child tooth decayChild tooth decay in Wales has fallen, with the proportion of children experiencing tooth decay now standing at 34.2%.

This is a drop of 13.4% since 2007/08 according to a new report from Public Health Wales.

In addition to this, the number of children with decayed, missing and filled teeth has fallen by 38%, with marked improvements being made amongst children from more deprived communities.

‘Tooth decay is the leading reason for hospital admissions among children in all parts of Britain,’ British Dental Association (BDA) chair, Mick Armstrong, said.

‘While Ministers in Whitehall are shrugging their shoulders, their opposite numbers in Cardiff Bay are showing just what’s possible.’

Designed to Smile

The BDA has put the improvement down to Wales’ successful national programme, Designed to Smile.

The programme was launched in 2009 and offers supervised brushing in schools and nurseries, alongside oral health education and promotion.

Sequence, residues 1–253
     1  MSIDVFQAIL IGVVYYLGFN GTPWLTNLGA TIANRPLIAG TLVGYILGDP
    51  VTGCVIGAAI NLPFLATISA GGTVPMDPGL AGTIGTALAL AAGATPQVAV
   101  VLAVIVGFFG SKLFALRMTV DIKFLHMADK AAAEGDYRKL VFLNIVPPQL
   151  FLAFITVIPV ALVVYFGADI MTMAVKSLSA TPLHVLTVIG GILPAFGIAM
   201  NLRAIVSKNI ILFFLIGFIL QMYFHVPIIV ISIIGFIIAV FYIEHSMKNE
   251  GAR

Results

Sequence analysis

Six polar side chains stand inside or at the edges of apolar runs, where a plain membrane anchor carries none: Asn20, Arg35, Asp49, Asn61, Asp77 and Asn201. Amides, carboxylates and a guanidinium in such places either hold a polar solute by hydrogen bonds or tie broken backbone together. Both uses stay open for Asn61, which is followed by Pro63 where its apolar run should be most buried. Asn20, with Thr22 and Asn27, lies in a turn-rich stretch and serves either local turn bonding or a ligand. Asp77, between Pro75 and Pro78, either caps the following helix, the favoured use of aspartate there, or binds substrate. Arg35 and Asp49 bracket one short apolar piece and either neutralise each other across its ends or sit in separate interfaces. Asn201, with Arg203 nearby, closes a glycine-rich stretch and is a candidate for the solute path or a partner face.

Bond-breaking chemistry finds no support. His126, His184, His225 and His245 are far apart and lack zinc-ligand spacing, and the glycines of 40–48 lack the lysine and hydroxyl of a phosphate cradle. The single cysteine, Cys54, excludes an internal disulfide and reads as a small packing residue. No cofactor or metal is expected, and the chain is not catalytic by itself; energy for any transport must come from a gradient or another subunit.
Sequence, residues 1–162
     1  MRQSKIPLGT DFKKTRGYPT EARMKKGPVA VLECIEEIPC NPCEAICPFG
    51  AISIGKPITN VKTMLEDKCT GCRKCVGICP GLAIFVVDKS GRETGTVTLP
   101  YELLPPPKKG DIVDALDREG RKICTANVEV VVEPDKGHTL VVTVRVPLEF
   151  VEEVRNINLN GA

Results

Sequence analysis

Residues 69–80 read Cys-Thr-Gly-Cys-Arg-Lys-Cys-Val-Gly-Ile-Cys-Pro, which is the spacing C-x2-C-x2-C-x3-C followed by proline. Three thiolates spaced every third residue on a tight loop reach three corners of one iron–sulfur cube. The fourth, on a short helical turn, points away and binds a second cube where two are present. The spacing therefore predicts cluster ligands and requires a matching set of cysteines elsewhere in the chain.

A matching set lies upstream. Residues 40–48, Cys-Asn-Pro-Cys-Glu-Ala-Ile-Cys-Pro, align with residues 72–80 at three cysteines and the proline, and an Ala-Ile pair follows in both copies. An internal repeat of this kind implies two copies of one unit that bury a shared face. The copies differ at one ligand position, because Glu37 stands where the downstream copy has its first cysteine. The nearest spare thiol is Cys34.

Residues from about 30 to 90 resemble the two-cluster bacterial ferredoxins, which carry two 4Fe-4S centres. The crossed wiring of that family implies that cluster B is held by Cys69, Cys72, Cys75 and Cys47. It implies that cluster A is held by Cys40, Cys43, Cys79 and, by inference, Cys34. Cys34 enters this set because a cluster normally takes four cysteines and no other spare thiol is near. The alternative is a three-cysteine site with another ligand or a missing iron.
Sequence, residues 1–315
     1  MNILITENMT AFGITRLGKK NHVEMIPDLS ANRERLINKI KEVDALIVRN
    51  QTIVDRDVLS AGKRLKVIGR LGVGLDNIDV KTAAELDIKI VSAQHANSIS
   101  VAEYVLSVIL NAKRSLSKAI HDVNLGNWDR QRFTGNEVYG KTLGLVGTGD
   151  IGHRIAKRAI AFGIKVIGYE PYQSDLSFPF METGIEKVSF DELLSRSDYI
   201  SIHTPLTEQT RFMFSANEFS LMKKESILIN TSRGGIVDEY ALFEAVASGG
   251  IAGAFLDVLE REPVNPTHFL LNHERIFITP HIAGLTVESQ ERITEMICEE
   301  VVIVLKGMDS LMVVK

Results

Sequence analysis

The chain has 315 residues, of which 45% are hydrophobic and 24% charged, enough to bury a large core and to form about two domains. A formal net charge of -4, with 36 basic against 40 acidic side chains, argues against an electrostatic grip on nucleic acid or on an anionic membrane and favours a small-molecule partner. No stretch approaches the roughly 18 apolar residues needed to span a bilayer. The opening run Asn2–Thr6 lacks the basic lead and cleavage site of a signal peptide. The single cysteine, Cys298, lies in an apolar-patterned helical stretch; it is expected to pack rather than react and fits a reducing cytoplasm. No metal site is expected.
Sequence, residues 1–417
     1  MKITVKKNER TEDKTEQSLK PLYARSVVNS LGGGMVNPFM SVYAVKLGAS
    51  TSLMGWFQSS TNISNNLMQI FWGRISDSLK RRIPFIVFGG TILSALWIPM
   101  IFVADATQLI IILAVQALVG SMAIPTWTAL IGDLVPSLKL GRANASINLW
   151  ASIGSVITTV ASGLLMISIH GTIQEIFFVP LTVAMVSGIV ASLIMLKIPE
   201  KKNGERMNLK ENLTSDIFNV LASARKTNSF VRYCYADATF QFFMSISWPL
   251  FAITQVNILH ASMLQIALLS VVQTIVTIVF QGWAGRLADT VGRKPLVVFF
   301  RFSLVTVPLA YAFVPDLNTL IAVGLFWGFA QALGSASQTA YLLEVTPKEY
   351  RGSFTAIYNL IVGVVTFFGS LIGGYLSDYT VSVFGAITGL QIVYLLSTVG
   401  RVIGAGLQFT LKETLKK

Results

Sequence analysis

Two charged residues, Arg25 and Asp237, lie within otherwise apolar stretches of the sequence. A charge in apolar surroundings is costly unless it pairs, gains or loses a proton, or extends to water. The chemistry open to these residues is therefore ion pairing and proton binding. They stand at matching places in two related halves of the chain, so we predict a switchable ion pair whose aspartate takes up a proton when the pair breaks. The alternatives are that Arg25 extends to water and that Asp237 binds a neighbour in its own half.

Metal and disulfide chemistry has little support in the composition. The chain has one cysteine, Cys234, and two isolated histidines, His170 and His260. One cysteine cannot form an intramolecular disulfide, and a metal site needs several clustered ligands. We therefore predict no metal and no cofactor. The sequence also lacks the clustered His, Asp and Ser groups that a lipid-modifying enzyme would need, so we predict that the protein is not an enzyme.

The BDA is now calling on all UK parties to follow the success some of the devolved governments are experiencing, and to extend the success of Designed to Smile by making it a compulsory scheme and extending it to nurseries for children under three.

‘Wales is reaping the benefits of a dedicated strategy to drive down childhood decay,’ Mick continued.

‘In England children have been offered little more than a few soundbites.

‘The Welsh Government must build on the success of this initiative.

‘We hope authorities in England are taking note.’

Smile4life

Sara Hurley, chief dental officer for NHS England, recently announced the launch of Smile4life, an oral health initiative for England.

Due to be launched this September, the CDO described it as ‘a national framework for oral health initiatives‘, which will combine current oral health schemes for children under one programme.

‘Whether it be Teeth Team in Hull, or Smile4life up in Cumbria, can we bring all these fabulous people together, start sharing their ideas and have a kite mark?’ Sara Hurley said.

‘It’s going to be an umbrella of programmes.

‘If we can then have some more national partners to help us spread it, give us an identity and tie in with Public Health England’s Change4life, their programme about sugars, that’s the real concept behind it.’